Up til now George's life had been marked by rash decisions to such an extent that he hadn't really enjoyed what one might call a "career." He'd lost an election for the House of Representatives. He'd birthed and buried an energy company. But where before he'd done what he thought he was supposed to do, now, with baseball, he felt he'd found his calling. His first instinct was to sign off on the trade. The two Toms had been in baseball a long time, after all, and who was he? The scion of a family of political nobility, a former cheerleader, the son of a one-time first sacker for Yale. But something gave him pause: Samuel Kelvin Peralta Sosa was tearing it up that year for AA Tulsa. 

The two Toms explained to George that while the young Dominican had promise, no doubt, his track record since signing as a free agent in '85 had been one of stops and starts. He was a raw talent with excellent speed and projectible pop and he'd always been young for the level of competition, but his strike zone judgment was dismal and his swing Swiss'd with holes. Honestly, George, this guy tops out as a B, maybe a B-plus, they told him. Even say he puts it together, it ain't gonna be for another four, five years. And we got to sell tickets today. Hey, they said, take a look at his numbers in the Florida State League last year--this guy can collapse at any time. Honestly, George, this might be the most valuable he'll ever be. One Tom leaned across the table and extended the pen, the other leaned back and whispered: Harold. Baines.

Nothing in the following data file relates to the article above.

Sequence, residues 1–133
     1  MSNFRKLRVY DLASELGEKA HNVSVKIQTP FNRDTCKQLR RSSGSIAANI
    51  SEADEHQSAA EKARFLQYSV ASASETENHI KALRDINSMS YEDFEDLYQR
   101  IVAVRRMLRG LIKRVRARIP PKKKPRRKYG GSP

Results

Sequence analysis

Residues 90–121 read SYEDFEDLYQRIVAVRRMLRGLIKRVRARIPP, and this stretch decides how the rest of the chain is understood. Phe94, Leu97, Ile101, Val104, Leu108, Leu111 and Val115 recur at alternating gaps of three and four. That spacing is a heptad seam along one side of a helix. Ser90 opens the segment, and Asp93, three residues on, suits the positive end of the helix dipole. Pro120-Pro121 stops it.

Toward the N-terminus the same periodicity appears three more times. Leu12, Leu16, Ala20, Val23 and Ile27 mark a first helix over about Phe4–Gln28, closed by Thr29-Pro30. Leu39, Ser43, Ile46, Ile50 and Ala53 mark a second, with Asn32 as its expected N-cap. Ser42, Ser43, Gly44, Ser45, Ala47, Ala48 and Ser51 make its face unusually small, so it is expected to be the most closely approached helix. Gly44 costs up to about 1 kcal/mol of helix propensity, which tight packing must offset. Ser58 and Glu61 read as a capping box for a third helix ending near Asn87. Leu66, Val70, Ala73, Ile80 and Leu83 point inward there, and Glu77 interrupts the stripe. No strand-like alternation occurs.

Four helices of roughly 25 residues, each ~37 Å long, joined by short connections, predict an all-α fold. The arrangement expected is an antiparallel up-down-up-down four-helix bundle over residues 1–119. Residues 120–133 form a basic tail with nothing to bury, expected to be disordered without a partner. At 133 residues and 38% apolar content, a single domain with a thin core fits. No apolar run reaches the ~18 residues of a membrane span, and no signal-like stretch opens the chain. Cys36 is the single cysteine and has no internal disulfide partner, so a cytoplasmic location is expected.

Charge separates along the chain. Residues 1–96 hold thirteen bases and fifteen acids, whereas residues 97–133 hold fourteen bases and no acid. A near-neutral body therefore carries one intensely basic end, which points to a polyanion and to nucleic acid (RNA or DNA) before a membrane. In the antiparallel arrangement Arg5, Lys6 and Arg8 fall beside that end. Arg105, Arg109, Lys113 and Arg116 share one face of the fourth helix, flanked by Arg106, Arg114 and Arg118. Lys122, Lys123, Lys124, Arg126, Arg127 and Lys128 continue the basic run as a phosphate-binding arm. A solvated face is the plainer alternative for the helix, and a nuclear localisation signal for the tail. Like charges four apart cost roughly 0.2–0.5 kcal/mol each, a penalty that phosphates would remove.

It was early in the morning, July 29th, 1989. The day before, the Rangers had lost by 12 runs to the Brewers, while in Anaheim Baines had notched a pair of base hits off Bert Blyleven. The young Sosa hadn't much enjoyed his cup of coffee in the bigs that year, striking out in fully a quarter of his 80 at bats, homering exactly once. Meanwhile, his Tulsa teammate and fellow corner outfielder Juan Gonzalez was ruining the Texas League. 

Young, streaky, projectible, raw. Abstracted, George took the pen and prepared to sign.

Talented but inconsistent. Unpolished.

This'll keep for a minute, guys? If I wanna go for a run?

At around the three mile mark, George decided to check and see where the Drillers were playing that day. After showering, he drove the four and a half hours to Tulsa, becoming more convinced with every RPM that he'd made the right decision. They'd had a torrid start to the year, the Rangers, going 17 and 5 in April, but they'd cooled off since. Selling the farm for a stable if unspectacular piece like Baines was precisely the sort of thing new ownership teams were always doing. Baines didn't even play a position anymore. When he discovered that Drillers Stadium was located on Yale Avenue he wondered if it might not be a sign from God. He surprised himself by preferring anonymity for that night's game, buying a General Admission ticket, peanuts and a Coke.